Posts Tagged ‘objectification’
So I found this interesting video by Peta, that was aparently supposed to run during the Super Bowl and was not allowed, for obvious reasons. These people will walk all over whomever to get their point across, and it’s really pathetic. Let’s objectify women to promote our cause. Nice work guys! Women the world over thank you for not being able to walk down the street without experiencing the male gaze because of commercials like this that do nothing but portray women as sexual objects to be possessed.
This is not the first time Peta has done this, and I’m sure it won’t be the last.
I understand what they’re trying to do – really I do – but where do you draw the line between trying to end the inhumane killing of animals for the food and clothing (and whatever else) industries, and exploiting women to get the message across? Is this really their best option? I really think they need to rethink their advertising campaigns, because what they’re doing is parading women around as if they’re the meat and not the animals they’re purporting to protect.
I had to repost this article because I can’t believe that Agnes Scott College would allow something like this to happen on their college. I can not understand why they would open their students up to this kind of harassement, ridicule, and objectification. As if it isn’t hard enough to get away form the social stigmas of just being a woman, but these intelligent women decided to attend a woman’s college probably to have a safe space where they don’t have to deal with the types of social issues you get at co-ed institutions, like the sexism, the objectification, etc. Instead, now it’s being thrown in their face and they’re basically being forced into situations they probably don’t want to be a part of. This part of the article really just gets under my skin:
The students were also subject to horrendous stereotyping as the film crew shot the “Lesbians Until Graduation” scene which only eroticizes lesbianism as nothing more than an experimental “choice” made in the absence of men and, in the movie industry, sells women and their sexual identity as a heteronormative gift for men.
…the scene involved the male protagonists
stumbling upon the room full of these “making-out lesbians” (to
presumably “convert” them?). When we expressed offense, the recruiter
said she was warned about encountering uncooperative students who were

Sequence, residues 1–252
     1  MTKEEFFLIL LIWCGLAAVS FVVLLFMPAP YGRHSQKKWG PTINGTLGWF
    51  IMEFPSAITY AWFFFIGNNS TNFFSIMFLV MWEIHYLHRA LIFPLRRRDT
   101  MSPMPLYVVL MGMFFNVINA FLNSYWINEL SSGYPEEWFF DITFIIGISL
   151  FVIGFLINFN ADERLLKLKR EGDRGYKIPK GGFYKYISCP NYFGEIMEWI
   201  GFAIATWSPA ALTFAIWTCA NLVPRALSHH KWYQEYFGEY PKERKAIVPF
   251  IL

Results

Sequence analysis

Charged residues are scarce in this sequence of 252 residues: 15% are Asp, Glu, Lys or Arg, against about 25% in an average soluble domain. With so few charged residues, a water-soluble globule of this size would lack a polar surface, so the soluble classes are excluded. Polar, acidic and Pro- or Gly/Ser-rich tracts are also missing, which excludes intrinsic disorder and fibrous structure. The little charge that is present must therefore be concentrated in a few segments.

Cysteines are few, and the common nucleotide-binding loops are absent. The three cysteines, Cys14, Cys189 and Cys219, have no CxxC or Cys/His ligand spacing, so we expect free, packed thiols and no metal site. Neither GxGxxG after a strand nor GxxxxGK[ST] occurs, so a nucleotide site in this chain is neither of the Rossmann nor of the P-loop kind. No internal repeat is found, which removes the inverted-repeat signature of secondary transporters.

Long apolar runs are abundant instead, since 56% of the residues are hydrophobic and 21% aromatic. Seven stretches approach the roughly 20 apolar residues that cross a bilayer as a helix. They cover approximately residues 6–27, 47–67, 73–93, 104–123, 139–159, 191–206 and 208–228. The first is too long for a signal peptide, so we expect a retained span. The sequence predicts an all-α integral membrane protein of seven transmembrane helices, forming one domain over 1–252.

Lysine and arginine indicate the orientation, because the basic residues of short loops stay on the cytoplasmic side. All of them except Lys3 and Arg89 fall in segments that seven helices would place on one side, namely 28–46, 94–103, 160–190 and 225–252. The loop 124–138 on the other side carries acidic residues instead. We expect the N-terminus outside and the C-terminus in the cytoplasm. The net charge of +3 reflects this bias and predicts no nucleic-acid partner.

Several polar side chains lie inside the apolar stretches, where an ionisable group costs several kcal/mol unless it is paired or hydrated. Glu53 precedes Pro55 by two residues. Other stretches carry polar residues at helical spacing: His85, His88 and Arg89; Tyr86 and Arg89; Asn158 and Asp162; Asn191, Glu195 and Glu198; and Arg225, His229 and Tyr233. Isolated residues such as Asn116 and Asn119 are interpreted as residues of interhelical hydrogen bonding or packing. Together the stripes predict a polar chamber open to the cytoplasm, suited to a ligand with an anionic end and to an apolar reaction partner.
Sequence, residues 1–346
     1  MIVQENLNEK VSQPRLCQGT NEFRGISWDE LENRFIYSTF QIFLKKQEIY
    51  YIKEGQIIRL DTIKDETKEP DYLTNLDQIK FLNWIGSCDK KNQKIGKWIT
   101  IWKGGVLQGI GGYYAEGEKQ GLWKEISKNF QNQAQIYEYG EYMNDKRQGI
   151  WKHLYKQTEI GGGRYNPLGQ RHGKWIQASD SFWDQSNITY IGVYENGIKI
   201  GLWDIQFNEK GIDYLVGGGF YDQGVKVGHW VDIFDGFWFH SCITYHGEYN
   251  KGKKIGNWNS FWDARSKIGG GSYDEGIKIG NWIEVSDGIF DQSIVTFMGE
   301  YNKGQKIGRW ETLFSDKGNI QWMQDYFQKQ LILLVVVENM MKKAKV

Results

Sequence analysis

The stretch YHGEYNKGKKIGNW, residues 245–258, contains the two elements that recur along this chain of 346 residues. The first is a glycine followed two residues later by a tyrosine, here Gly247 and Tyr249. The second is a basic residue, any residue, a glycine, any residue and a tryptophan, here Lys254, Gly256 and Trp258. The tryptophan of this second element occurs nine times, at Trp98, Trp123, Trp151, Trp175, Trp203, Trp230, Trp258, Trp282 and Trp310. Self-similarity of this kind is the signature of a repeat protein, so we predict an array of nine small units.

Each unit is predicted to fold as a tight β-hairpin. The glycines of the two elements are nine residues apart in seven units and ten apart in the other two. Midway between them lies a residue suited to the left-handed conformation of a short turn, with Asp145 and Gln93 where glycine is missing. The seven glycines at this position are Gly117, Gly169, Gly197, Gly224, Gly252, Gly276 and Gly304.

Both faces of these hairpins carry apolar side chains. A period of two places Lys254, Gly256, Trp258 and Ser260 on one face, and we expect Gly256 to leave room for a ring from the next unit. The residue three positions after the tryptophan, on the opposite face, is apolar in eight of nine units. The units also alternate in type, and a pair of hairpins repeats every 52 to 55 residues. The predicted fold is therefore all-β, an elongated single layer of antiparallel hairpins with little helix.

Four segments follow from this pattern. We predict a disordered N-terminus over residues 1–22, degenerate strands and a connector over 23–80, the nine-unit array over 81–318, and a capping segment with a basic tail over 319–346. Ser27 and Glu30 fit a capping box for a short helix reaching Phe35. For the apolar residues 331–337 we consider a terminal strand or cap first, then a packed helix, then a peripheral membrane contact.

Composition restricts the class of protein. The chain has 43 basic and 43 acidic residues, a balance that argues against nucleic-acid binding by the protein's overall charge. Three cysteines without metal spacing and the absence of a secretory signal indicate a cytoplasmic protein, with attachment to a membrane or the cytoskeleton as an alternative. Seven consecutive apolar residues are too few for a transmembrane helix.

“really into being women” (versus into being objects?).
Other incidents of objectifying the students at Agnes Scott were documented, including reckless behavior of extras working in the movie. One student reported being told that she was so attractive, she should be careful of being raped. Another student, carrying a cup of coffee, was asked by an extra to get him one as well. [emphasis mine]
I find that bolded portion to be absolutely disgusting and would consider that a threat that should be brought up to the school, and if the school doesn’t listen, the authorities. These people should not be allowed this open door policy at this institution especially in light of this nasty behavior they’ve displayed towards the students. The students are there to learn, not to be harassed and told what they should or should not be doing, be objectified and forced to watch things that are demeaning. This is misogyny at it’s worst.
I had something happen to me last night that really bothered me, whereas a long conversation ensued with my boyfriend about it and we both came to the conclusion that men and women see things completely different on this topic.
Last night my boyfriend, my stepson, and I went out to dinner at this really cute hamburger joint that we all like. There were two older men sitting at the table in front of us and they sat facing each other. At one point during our dinner I decided to get up to grab some ketchup for my fries. As I was walking back to our table, I noticed that one of the men at the table was completely turned around in his chair and they were both sitting there staring at me. What’s worse is that they weren’t really staring at me but at my boobs. This really bothered me a lot. It made me feel uncomfortable, it made me feel small, and it made me feel like a piece of meat. Objectification at it’s worst. I sat down, made a loud comment to my boyfriend about how men who stare at boobs have no life, and they quickly left, I’m assuming because they had been caught.